Thread: Shiko Training
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Old 06-17-2009, 04:40 PM   #21
Mike Sigman
Location: Durango, CO
Join Date: Feb 2005
Posts: 4,123
Re: Shiko Training

Josh Phillipson wrote: View Post
Makes sense, Mike. Thank you.

You pointed to linking w/ Cosmology.
Cosmology includes the massive subset of things that are religious.
Can you put any bounds on what set must correlate with these mental-physical effects? Would and could you say anything about the 'particular way' they must be reconciled?

Yes, I think this is an impossible question; but I want to know what you think.
If you look at Ueshiba's douka, you'll see that a lot of the references are obscured with Shinto nomenclature, but it's still mainly Yin-Yang theory, albeit dressed up a bit with some of the Kojiki references, etc. Incidentally, for all practical purposes, the Kojiki came into being well after a lot of the Yin-Yang stuff was widespread in Asia. The subject is far too complex (and I'm not expert) to treat in a few sentences, but there's a valid question about "which came first, the chicken or the egg" in terms of "which came first, the body skills or the cosmology", in terms of Yin-Yang, Heaven-Earth-Man, and so on.

There is a confusing part of the old Chinese views where the universe is seen as being analogous to human characteristics and human characteristics are analogous to the way the universe operates. That's why there's that valid question of which came first. If the cosmology came before the understanding of the ki skills, what an improbable coincidence. I personally think it was the other way around, but it's too involved to go into here.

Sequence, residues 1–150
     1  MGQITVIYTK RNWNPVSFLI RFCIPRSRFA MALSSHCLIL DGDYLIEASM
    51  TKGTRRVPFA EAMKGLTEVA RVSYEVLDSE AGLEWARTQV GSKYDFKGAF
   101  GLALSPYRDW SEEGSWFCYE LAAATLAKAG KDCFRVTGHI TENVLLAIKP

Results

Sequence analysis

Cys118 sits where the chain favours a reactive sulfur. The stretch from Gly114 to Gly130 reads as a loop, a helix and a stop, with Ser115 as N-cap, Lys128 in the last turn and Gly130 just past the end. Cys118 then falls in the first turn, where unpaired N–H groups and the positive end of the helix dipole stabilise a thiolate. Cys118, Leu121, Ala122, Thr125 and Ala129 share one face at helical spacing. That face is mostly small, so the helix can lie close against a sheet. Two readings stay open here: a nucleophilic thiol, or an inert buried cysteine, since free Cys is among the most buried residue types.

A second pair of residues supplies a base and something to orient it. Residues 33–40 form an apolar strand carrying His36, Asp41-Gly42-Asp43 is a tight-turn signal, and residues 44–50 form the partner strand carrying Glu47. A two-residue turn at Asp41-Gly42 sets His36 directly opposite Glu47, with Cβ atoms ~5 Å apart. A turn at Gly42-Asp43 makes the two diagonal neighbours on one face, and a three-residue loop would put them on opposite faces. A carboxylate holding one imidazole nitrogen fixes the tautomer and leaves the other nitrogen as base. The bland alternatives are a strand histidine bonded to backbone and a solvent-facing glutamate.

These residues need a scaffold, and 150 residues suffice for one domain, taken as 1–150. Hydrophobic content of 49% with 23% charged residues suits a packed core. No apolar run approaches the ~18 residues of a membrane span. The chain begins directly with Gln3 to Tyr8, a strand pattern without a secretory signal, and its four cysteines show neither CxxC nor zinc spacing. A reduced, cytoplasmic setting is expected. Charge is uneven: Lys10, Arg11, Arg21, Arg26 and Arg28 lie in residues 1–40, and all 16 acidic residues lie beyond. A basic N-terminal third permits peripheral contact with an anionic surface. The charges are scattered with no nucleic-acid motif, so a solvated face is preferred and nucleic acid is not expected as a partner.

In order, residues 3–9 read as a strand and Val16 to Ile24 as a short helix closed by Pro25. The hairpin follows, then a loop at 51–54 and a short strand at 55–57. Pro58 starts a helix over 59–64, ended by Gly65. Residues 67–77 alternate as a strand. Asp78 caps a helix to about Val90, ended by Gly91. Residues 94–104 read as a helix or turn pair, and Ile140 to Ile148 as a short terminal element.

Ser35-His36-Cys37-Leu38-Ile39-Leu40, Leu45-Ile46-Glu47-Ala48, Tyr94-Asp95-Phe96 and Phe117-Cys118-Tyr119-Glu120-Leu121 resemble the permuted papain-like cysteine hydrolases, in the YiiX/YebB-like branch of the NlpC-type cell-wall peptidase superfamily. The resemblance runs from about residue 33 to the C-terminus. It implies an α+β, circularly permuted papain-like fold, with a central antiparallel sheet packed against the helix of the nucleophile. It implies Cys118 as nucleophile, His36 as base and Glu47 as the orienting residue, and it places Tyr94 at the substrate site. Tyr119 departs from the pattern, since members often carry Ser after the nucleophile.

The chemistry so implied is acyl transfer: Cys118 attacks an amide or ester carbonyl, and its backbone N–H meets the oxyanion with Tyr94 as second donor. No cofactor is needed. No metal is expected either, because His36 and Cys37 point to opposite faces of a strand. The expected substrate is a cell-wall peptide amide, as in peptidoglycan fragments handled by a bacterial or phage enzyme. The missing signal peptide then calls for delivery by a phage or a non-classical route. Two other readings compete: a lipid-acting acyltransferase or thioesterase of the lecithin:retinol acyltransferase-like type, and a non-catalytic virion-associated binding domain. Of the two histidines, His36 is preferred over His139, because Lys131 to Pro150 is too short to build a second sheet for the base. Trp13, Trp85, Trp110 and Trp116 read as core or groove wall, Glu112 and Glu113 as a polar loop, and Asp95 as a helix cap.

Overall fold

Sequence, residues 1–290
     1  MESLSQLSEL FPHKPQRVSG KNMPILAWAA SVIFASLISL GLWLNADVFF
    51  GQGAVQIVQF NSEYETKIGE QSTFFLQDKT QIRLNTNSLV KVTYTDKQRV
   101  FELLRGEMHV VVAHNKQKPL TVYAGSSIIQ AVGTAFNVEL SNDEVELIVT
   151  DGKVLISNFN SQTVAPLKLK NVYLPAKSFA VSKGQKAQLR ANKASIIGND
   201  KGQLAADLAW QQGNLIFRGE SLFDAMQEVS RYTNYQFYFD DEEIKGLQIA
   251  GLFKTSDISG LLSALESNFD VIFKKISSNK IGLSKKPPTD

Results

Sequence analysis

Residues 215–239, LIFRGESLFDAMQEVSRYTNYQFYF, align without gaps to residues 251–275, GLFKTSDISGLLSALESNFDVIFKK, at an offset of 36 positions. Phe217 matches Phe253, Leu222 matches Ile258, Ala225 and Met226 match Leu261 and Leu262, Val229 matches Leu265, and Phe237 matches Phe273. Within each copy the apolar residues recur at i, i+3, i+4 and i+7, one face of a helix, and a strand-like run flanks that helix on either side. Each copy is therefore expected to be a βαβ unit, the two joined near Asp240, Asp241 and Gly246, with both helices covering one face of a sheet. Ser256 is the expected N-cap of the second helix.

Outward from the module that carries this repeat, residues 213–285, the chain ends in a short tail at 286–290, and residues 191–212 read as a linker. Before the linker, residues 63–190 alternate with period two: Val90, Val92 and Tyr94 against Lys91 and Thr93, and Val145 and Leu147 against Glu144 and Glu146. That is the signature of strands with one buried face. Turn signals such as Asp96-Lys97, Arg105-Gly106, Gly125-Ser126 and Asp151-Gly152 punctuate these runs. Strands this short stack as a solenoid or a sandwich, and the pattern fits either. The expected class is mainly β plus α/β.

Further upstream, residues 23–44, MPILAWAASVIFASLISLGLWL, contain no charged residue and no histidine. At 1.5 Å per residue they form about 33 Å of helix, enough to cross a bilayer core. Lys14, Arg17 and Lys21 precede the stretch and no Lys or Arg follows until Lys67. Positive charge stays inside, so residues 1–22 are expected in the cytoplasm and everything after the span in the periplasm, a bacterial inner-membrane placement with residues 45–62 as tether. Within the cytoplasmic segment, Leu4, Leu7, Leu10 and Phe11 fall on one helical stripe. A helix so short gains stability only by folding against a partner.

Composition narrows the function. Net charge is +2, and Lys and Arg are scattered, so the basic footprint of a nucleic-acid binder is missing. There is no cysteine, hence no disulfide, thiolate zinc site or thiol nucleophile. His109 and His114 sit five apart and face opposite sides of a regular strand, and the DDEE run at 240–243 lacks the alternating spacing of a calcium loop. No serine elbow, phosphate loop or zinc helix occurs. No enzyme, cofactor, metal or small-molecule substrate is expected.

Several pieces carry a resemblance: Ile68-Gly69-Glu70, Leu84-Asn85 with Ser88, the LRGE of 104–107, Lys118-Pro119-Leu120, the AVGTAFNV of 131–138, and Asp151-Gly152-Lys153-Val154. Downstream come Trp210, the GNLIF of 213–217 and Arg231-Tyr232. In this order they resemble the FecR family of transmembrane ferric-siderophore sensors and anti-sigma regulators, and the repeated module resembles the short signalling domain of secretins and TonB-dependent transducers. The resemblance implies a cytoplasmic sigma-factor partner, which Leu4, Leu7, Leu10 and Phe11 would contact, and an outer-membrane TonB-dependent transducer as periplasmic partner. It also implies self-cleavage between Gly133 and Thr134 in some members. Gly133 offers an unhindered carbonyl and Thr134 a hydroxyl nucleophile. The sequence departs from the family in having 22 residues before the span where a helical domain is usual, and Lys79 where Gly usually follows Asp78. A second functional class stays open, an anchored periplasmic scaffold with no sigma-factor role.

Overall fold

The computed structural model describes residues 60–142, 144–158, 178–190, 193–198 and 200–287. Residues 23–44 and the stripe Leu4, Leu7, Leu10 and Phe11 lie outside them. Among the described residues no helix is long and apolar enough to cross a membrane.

Regardless of all that, the "Heaven-Earth-Man" and A-Un (like in A-un-kai), In-Yo, Ha-Heng are the essence of the ki skills pretty much any way you look at it, so the "cosmology" aspect is not an irrelevant add-on to the discussion of the skills (which Shiko is a part of). If you look at Ueshiba's douka and the references, and you also look at the cosmological references to the same things in just about every legitimate traditional martial art in Asia, you'll always see these same things. It's not a religious justification; it's their way of saying "Aha, I know the secrets, too, and our martial art is also built on these ki things". I.e., the ki skills have a far wider impact on Asian martial arts than just Taiji, Aikido, and so on.


Mike Sigman
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